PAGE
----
Recently, while working on messaging and investment process definition for a global equity strategy for a New York-based manager, we were staying at the Sheraton Times Square. The hotel was the site of the 2016 National Season Finale for the New York City Dance Alliance. The grand lobby was filled with aspiring dancers from ages 5 to 15. Little girls and teen-age girls were sprinkled everywhere, costumed with false eyelashes, lipstick, face powder and rouge, hair curled and sprayed, bedecked with ribbons and jewels. Sparkling lavender, red, turquoise, gold, silver and pink spandex outfits, and shiny black patent leather dancing shoes adorned all the contestants, boys and girls. I couldn’t help but wonder what did all the make-up, hair embellishments and gilded spandex have to do with dancing? Is it a competition for best costume or best dancing? When I looked up the winners listed by different age groups, no details were provided. I wondered also if winning these competitions were indicative of future success as dancers.
Just as I wonder what all the full-page ads in our asset management industry publications (especially cover-page ads), showing Morningstar ratings, or composite and benchmark returns, have to do with institutional asset management? With every ad showing performance, there is the familiar disclaimer in bold text – Past Performance Is No Guarantee of Future Results. Studies completed by Vanguard and others have concluded that Morningstar ratings offer little insight about expected future relative performance. If past performance and ratings provide unreliable direction on future success, why do we continue to spend so much time showcasing and evaluating historical returns relative to benchmarks and peers?
Why not focus instead on what does matter? I found Gretchen Tai’s article, “HP Lays the Foundation for a New Investment Model,” in the June 2016 issue of Institutional Investor to offer a rational alternative to meeting long-term future liabilities. As former CIO at Hewlett-Packard’s pension plan team from 2010 until her recent retirement, Gretchen had an instructive story to share. With the same skepticism toward forecasting expected returns, volatility and correlations across asset classes as I feel about selecting managers based on benchmark or peer rankings, Gretchen and her team at HP developed a new model for asset allocation, distinct from the traditional mean-variance optimization and from the “endowment” model, evolved from David Swensen’s Yale University model. The goal was to achieve better long-term results relevant to HP’s needs based on more attention and understanding of risk, responsiveness to markets and dynamic rebalancing. Downside protection and cost controls were key elements of the success of the model. She credited former CIO, Ken Frier, and his team, with much of the original innovation, focusing on “We will take risk for the plan when we have to, and we will take risk where the payoff is best. If we don’t need the risk or if the reward is not worth the risk, then we won’t take it.” Check out the full article in the June 2016 issue of Institutional Investor.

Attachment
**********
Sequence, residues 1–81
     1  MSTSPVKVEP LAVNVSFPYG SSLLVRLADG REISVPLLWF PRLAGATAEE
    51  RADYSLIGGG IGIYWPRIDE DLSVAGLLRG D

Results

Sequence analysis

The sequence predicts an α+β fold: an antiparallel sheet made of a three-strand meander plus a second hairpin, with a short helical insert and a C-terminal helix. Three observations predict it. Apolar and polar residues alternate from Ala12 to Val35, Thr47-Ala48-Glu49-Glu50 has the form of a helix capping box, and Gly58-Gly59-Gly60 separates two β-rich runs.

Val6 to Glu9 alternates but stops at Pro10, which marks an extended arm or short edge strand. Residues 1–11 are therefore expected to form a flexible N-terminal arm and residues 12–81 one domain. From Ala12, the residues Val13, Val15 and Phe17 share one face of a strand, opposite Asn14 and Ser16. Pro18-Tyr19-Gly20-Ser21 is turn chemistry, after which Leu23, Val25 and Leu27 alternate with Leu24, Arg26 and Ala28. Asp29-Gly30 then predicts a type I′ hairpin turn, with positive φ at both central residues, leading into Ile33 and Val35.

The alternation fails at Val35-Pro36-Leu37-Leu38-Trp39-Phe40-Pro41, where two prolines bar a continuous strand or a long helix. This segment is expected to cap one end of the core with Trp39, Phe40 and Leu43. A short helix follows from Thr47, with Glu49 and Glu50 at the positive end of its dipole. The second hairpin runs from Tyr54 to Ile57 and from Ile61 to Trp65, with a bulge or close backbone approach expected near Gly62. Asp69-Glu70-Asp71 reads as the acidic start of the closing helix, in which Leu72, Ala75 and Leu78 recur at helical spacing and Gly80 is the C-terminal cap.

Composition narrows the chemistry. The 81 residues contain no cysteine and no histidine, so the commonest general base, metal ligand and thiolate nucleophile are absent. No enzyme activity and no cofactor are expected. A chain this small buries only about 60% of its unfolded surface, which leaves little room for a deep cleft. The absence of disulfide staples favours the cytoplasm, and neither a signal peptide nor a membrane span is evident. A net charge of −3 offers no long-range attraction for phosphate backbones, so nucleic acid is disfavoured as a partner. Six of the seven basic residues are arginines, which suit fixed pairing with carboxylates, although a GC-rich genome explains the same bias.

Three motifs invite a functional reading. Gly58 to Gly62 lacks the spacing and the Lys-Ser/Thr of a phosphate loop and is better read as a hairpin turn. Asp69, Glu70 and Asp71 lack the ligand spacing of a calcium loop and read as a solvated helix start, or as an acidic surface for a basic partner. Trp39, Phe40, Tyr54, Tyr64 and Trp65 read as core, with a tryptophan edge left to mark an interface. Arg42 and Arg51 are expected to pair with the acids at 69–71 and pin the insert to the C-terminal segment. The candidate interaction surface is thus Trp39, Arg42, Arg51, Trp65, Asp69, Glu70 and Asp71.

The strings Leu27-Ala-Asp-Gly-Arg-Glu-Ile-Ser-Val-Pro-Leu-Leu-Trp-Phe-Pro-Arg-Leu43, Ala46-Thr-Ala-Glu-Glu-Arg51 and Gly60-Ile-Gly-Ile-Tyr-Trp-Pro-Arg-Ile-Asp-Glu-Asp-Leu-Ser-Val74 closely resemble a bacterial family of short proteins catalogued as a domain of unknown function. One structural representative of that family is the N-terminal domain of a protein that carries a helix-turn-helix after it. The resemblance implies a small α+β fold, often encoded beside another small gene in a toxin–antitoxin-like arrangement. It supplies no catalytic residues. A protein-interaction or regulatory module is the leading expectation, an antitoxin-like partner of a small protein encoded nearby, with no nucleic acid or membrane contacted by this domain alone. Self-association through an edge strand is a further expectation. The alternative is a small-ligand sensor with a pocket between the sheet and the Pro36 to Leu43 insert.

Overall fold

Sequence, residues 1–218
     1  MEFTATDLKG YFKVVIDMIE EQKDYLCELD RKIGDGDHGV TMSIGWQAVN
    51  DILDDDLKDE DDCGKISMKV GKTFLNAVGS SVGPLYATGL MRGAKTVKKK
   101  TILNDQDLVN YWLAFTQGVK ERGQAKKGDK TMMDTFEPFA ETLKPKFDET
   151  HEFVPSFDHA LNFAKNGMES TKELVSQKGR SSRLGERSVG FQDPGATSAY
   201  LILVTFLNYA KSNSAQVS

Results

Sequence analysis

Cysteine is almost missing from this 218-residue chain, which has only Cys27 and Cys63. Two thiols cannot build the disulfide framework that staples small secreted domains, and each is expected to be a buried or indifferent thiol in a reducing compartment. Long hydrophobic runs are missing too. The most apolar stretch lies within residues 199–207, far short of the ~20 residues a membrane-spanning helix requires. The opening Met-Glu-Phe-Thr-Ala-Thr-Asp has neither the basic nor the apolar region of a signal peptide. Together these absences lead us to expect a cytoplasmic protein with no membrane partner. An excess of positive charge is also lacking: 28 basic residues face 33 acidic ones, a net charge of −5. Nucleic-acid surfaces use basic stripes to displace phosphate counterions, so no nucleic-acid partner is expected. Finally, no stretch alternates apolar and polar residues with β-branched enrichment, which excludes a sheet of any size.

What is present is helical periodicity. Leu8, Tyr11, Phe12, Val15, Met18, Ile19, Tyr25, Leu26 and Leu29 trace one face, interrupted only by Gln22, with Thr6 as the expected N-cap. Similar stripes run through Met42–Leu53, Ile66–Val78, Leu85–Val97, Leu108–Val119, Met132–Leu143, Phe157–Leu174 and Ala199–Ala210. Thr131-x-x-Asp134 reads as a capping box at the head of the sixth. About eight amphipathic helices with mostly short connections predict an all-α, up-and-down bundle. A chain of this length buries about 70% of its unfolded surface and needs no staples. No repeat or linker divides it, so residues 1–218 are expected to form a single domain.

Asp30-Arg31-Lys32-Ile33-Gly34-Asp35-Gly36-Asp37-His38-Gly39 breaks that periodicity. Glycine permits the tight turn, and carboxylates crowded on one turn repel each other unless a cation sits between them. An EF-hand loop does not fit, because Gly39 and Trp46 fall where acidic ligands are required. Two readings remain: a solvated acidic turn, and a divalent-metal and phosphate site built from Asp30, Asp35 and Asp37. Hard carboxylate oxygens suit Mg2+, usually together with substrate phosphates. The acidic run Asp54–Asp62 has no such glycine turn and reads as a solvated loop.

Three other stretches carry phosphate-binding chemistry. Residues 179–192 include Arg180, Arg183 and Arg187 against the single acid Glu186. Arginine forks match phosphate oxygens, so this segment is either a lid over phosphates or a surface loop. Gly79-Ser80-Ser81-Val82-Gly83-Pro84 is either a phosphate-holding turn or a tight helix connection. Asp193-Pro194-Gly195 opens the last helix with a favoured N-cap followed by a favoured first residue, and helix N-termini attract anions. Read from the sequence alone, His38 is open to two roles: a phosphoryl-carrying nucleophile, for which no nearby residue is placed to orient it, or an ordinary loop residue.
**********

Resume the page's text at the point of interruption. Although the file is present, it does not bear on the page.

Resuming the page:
I hope that the awards for the dancers are more indicative of future success than benchmark and peer rankings are for managers. I also hope that we as an industry continue to make inroads in understanding how to achieve success for our constituents. Their future and our own future depends on it.
What do you think? How can we ensure deeper understanding of determining the best investment solutions for varying retirement needs? Please share and comment below.
Charnley & Røstvold, Inc., a preeminent marketing consulting firm to asset management firms ranging in size from start-up firms to some of the world’s largest investment firms with over $1 trillion under management. Charnley & Røstvold helps clients with competitive positioning, marketing strategies, key messages, presentation refinements, communications and sales training, consultant relations and client service programs.
Jackie Charnley, co-founder of Charnley & Røstvold, Inc., is a popular industry speaker and author. Jackie serves on the ICMA-RC Board, a not-for-profit company serving the financial needs of over one million public employees. She was also a founding board member of PAICR (Professional Association for Investment Communications Resources).